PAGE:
This investigation was performed under institutional review board approval granted for the ongoing Predictors of Carpal Tunnel Syndrome (PrediCTS) Study, a prospective investigation of 1107 newly hired workers initiated in July 2004. From the local area, workers were recruited from 11 companies or organizations representing healthcare, service, managerial, and construction trade industries. Subjects were excluded for a history of carpal tunnel syndrome, peripheral neuropathy, current pregnancy, or inability to undergo nerve conduction testing. All participants provided written informed consent prior to enrollment. Baseline and 36 month assessment included a detailed demographic/work factor questionnaire, a hand symptom diagram,(1) physical examination (Tinel test over median nerve at wrist, Phalen test, and Semmes-Weinstein monofilament sensory test), and nerve conduction tests. Examinations were conducted by medically trained research team members (physicians, therapists, medical students) who received instruction and demonstrated competence in a standardized physical examination testing procedure prior to data collection. The Phalen test was performed with the wrists passively but not forcibly placed into flexion. The reverse Phalen test with wrists positioned into extension was used in the rare circumstance that full wrist flexion could not be achieved. Positive response required report of paresthesia along the nerve distal to the carpal tunnel toward a median innervated digit (thumb, index, or long). The Tinel test for the median nerve involved firm tapping over the nerve from mid-palm to the proximal margin of the carpal tunnel.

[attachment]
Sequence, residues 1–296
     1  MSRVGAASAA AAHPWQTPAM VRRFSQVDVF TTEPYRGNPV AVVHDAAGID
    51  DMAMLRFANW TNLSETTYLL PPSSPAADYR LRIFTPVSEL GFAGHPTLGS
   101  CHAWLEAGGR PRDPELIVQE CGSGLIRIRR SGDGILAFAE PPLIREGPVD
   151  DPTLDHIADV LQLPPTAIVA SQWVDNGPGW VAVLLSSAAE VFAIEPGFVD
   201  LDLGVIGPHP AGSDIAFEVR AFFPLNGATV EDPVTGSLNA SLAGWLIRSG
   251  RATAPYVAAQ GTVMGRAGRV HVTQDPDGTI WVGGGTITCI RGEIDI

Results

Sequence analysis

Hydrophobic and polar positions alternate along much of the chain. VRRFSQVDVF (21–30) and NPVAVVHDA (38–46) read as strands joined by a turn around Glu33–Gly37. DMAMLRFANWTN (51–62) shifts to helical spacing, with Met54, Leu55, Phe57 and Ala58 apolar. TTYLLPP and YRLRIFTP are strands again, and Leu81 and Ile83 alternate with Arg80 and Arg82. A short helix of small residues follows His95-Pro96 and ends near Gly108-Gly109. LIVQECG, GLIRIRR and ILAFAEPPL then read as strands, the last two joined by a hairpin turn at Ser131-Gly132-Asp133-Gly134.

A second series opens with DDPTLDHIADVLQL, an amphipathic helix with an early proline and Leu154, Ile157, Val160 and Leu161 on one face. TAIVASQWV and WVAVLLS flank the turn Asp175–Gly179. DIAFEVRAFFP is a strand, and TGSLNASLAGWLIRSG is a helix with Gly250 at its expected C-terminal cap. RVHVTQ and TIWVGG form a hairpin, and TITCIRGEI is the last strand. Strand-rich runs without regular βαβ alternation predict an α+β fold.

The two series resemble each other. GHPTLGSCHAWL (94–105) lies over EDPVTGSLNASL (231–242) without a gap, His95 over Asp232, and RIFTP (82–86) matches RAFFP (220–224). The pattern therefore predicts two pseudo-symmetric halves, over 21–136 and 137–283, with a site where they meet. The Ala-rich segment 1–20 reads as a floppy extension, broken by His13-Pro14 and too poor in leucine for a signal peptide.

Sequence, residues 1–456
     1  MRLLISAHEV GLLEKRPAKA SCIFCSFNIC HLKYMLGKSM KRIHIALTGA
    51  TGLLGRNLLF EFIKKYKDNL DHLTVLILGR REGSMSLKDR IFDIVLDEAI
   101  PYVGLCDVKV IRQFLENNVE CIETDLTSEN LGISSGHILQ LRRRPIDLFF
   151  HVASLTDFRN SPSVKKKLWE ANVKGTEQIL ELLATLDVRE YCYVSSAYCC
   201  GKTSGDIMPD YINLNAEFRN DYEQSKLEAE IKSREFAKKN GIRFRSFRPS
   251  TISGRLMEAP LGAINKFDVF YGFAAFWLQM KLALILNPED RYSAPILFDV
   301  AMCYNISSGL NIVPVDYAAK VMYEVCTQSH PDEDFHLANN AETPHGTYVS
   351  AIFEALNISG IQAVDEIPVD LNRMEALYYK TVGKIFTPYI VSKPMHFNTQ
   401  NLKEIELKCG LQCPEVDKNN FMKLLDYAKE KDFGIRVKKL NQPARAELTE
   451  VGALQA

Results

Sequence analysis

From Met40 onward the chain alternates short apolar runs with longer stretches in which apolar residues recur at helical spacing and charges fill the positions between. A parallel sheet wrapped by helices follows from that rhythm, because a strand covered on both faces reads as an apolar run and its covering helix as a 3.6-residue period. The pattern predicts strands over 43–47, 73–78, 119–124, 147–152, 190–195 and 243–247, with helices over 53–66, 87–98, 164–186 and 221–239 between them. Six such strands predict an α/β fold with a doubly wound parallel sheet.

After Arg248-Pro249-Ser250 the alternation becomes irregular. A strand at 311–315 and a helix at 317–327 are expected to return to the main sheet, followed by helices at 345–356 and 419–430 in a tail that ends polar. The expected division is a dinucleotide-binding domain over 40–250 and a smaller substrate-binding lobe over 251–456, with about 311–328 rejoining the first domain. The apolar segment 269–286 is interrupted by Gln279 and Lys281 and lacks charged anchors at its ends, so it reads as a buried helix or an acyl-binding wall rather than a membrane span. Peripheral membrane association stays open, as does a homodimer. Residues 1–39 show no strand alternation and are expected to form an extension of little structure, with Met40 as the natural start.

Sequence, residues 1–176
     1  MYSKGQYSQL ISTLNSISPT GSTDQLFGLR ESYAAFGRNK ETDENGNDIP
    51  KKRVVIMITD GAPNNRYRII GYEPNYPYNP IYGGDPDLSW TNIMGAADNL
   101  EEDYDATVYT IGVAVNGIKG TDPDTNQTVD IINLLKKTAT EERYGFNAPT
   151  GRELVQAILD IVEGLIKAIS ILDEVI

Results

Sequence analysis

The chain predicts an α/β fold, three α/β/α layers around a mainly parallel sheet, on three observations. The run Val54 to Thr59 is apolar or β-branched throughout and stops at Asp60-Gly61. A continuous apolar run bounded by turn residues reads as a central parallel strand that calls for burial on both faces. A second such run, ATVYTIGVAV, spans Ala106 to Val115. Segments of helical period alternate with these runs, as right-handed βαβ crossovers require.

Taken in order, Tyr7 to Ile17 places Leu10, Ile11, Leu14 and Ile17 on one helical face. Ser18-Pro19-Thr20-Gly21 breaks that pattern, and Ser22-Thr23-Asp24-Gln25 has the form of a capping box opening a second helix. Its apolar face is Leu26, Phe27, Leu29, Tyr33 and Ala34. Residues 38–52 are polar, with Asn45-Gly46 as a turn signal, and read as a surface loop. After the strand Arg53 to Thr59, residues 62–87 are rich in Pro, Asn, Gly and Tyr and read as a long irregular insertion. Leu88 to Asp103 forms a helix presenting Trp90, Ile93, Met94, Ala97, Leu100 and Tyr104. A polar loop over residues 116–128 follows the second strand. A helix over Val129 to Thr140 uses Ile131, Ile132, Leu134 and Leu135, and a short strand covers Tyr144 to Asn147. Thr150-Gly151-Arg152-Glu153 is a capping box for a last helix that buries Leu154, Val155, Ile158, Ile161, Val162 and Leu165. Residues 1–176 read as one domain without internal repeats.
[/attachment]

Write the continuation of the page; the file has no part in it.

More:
Nerve conduction testing was performed with an automated device (NC-Stat, NEUROMetrix, Inc, Waltham, MA). Reliability and criterion validity of this device are previously established as comparable to other methods of nerve conduction testing.(7,8) Abnormal median nerve conduction findings were defined in this study as a distal sensory latency (DSL) of >3.5 ms, distal motor latency (DML) of >4.5ms, or paired transcarpal median-ulnar sensory difference (MUD) of >0.5ms. Transcarpal DSL measurements were recorded in the long finger. The NC-stat sensor recorded temperature 3 times during the testing, and the temperature value was used to normalize the latencies. As part of the study questionnaire, subjects completed hand symptom diagrams (Figure 1). The hand diagram was only completed if the subject reported the presence of hand symptoms defined as a positive response to the question: “In the past year, have you had recurring (repeated) symptoms in your hands, wrists, or fingers more than 3 times or lasting more than 1 week?”. Subjects completed hand diagrams if they have symptoms of burning, pain, tingling, or numbness. The instructions ask subjects to shade in the area of the problem but not to try to represent the type of their symptoms on the diagram. A total of 221 subjects with completed hand diagrams were available for analysis: 141 subjects who reported hand symptoms at baseline and a separate group (n=80) who reported hand symptoms at 36 months.
Hand diagrams were reviewed by 3 researchers (2 physicians, 1 occupational therapist) independently. Each reviewer scored all diagrams twice, at least 1 month apart. Diagrams were randomized for each review. Scoring was performed according to the recommendations of Katz and Stirrat(1) with modification including additional explicit clarification(3) to maximize inter-rater agreement.(4) Diagrams scored by this modified Katz system were scored as “unlikely (0)”, “possible (1)”, “probable (2)”, or “classic (3)” for carpal tunnel syndrome (Table 1). Alternative scoring systems included the median nerve digit score (MNDS) in which diagrams were scored based upon the number of median innervated digits (thumb, index, and long) with distal volar shading. A final score of 2 indicated positive results for 2 or more digits. In this MNDS the presence of any palm, wrist, or dorsal symptoms was inconsequential. Each digit was also scored separately (thumb rating, index rating, and long rating) as positive or negative based solely on the presence or absence of distal volar shading in the finger. Any shading outside of that location did not impact the score. In all alternative scoring systems, distal volar shading was defined as shading of the volar surface of the distal phalanx and/or greater than half of the volar surface of the middle phalanx. For thumb, this required volar shading over the distal phalanx (Figure 2). Study group characteristics are shown in Table 2.